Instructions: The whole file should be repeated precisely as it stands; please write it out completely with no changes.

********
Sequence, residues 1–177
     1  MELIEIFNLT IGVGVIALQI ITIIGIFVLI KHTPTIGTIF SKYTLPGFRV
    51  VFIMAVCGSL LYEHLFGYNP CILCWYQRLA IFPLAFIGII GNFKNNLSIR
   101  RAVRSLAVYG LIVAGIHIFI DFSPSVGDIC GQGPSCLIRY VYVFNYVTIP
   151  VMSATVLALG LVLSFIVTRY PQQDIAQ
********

Sequence, residues 1–177
     1  MELIEIFNLT IGVGVIALQI ITIIGIFVLI KHTPTIGTIF SKYTLPGFRV
    51  VFIMAVCGSL LYEHLFGYNP CILCWYQRLA IFPLAFIGII GNFKNNLSIR
   101  RAVRSLAVYG LIVAGIHIFI DFSPSVGDIC GQGPSCLIRY VYVFNYVTIP
   151  VMSATVLALG LVLSFIVTRY PQQDIAQ